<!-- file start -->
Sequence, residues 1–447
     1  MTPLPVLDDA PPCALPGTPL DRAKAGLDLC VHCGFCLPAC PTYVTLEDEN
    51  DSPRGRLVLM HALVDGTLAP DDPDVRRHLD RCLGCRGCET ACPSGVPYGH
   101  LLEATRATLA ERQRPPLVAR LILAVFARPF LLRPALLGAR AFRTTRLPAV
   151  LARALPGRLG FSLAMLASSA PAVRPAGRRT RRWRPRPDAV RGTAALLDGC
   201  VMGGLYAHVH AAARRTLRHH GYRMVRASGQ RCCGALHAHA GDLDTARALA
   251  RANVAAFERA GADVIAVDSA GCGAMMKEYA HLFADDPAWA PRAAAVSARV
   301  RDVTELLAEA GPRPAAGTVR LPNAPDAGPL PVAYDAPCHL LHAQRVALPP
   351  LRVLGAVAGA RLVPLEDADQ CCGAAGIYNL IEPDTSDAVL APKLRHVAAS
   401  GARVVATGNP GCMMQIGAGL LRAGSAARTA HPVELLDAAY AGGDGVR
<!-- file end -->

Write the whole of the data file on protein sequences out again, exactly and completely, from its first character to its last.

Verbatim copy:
Sequence, residues 1–447
     1  MTPLPVLDDA PPCALPGTPL DRAKAGLDLC VHCGFCLPAC PTYVTLEDEN
    51  DSPRGRLVLM HALVDGTLAP DDPDVRRHLD RCLGCRGCET ACPSGVPYGH
   101  LLEATRATLA ERQRPPLVAR LILAVFARPF LLRPALLGAR AFRTTRLPAV
   151  LARALPGRLG FSLAMLASSA PAVRPAGRRT RRWRPRPDAV RGTAALLDGC
   201  VMGGLYAHVH AAARRTLRHH GYRMVRASGQ RCCGALHAHA GDLDTARALA
   251  RANVAAFERA GADVIAVDSA GCGAMMKEYA HLFADDPAWA PRAAAVSARV
   301  RDVTELLAEA GPRPAAGTVR LPNAPDAGPL PVAYDAPCHL LHAQRVALPP
   351  LRVLGAVAGA RLVPLEDADQ CCGAAGIYNL IEPDTSDAVL APKLRHVAAS
   401  GARVVATGNP GCMMQIGAGL LRAGSAARTA HPVELLDAAY AGGDGVR